The latter (18 g., 0.052 mole) was reduced with 11.7 g. (0.31 mole) of lithium aluminum hydride in 750 ml. of tetrahydrofuran and the product isolated in the manner described above in Example 1. Recrystallization of the product from methanol afforded 14.3 g. of 1-[2-(7-aza- 3-indolyl)ethyl] 4 (3-methoxyphenyl)piperazine, M.P. 138.0-139.0 C. (corn).

EXAMPLE 16 l [3 (7-aza-3-indolyl)propyl]-4 (3-methoxyphenyl) piperazine [1: Het is 7-aza-3-indolyl; Y is (CH R is 3-CH OC H ].-1 8 (7-aza-3-indolyl)propionyl]-4- (3-methoxyphenyl)piperazine was prepared by fusion of 18.5 g. (0.098 mole) of f3 (7-aza-3-indolyl)propionic acid and 1 (3-methoxyphenyl)piperazine under nitrogen at 225 C. using the procedure described above in Example 15. Recrystallization of the product from aqueous methanol afforded 25.5 g. of the amide, M.P. 132.5- 135 C.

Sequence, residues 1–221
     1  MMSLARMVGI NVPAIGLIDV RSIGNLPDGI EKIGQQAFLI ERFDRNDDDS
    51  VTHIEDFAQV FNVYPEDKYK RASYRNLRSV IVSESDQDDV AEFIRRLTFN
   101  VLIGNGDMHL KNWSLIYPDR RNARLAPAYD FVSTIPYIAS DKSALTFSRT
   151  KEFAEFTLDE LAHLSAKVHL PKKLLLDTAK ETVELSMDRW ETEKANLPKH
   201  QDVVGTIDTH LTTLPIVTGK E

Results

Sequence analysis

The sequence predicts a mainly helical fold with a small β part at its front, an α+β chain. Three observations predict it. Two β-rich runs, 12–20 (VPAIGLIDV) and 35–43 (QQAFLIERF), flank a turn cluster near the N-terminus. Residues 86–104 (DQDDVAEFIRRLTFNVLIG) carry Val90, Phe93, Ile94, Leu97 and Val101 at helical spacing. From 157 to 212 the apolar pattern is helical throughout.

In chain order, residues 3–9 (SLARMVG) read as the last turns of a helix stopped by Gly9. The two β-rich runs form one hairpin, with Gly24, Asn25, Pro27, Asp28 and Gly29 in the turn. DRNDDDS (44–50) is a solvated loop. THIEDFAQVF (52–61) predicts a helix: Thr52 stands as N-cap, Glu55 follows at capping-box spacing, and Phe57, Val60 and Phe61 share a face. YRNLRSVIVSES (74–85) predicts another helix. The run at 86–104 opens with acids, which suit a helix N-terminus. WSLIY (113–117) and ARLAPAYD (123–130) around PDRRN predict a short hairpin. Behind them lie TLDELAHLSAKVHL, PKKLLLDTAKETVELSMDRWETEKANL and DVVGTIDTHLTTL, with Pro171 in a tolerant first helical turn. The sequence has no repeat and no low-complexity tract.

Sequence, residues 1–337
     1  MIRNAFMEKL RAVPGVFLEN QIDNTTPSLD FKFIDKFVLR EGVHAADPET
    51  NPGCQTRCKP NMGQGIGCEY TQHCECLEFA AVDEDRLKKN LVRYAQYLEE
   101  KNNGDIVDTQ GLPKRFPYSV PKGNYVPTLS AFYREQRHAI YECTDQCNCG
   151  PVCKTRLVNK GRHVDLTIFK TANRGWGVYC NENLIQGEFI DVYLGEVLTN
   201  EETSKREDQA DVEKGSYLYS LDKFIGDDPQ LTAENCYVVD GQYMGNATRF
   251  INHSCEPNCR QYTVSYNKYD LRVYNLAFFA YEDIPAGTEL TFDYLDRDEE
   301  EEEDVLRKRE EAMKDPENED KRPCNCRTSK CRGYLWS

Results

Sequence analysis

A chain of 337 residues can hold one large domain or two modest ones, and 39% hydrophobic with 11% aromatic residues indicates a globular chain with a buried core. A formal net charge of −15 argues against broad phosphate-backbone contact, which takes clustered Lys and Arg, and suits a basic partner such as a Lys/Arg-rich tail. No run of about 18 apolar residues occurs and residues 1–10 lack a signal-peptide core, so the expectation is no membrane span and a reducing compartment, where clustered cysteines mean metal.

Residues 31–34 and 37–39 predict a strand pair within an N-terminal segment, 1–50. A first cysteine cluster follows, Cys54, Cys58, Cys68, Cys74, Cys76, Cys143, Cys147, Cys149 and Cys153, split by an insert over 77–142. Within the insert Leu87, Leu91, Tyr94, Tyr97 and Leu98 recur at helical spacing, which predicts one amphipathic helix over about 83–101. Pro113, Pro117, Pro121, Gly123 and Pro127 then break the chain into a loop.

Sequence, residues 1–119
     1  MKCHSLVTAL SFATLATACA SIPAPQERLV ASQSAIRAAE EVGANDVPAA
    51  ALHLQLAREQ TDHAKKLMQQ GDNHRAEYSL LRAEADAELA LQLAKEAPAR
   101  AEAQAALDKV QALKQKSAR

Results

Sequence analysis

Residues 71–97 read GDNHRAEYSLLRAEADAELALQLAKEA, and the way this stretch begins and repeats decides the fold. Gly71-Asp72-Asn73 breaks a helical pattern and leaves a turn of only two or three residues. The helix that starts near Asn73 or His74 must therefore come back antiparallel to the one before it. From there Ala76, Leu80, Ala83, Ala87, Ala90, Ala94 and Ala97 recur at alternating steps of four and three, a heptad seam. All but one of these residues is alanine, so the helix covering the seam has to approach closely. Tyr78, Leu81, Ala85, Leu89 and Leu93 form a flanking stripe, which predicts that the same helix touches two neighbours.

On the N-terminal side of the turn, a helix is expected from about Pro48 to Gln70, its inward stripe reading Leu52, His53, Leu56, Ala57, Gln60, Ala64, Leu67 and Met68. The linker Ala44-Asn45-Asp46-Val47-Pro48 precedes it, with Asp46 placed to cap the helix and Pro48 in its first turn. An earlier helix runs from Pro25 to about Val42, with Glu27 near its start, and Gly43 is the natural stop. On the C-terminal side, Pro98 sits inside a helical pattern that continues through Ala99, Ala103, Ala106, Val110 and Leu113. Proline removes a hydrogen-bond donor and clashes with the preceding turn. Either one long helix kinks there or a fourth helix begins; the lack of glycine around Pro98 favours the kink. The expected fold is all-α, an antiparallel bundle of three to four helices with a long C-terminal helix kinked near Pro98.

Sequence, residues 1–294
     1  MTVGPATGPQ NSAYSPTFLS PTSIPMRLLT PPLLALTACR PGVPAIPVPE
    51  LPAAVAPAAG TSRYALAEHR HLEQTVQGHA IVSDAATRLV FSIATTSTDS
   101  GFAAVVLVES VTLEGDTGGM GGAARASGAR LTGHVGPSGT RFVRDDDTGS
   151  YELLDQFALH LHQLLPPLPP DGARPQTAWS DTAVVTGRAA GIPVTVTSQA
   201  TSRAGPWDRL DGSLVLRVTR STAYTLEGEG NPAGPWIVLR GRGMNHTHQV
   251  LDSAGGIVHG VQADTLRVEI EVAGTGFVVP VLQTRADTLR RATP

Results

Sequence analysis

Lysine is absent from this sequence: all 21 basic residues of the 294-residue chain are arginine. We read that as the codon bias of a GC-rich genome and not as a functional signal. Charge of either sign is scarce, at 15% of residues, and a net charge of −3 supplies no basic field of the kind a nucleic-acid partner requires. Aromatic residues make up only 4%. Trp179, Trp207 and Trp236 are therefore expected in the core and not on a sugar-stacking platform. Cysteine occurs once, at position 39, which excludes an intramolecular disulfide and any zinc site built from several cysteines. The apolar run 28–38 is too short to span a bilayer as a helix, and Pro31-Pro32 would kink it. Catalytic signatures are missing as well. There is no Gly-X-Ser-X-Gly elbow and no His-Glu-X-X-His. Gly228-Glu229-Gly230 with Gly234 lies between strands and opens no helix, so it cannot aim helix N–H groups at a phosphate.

The latter (24.5 g., 0.067 mole) was reduced with 15.5 g. (0.405 mole) of lithium aluminum hydride in one liter of tetrahydrofuran using the procedure described above in Example 1. Recrystallization of the product from ethyl acetate gave 20.5 g. of 1 [3-(7-aza-3-indolyl)propyl]-4- (3 methoxyphenyl)piperazine, M.P. 127 .6129.0 C. (corn).

EXAMPLE 17 1 [3 (7-aza-3-indolyl)propyl]-4-(4-methylphenyl) piperazine [1: Het is 7 aza-3-indolyl; Y is (CH R is 4-CH C H ].Fusion of 10 g. (0.053 mole) of B (7- aza-3-indolyl)propionic acid and 10 g. (0.058 mole) of 1 (4-methylphenyl)piperazine under nitrogen at 230 C. for one hour according to the procedure described above in Example and recrystallization of the product from methanol afforded 10.6 g. of 1 [13 (7-aza-3- indo1y1)propionyl]-4-(4 methylphenyl)piperazine, M.P. 161-163 C. (uncorr.).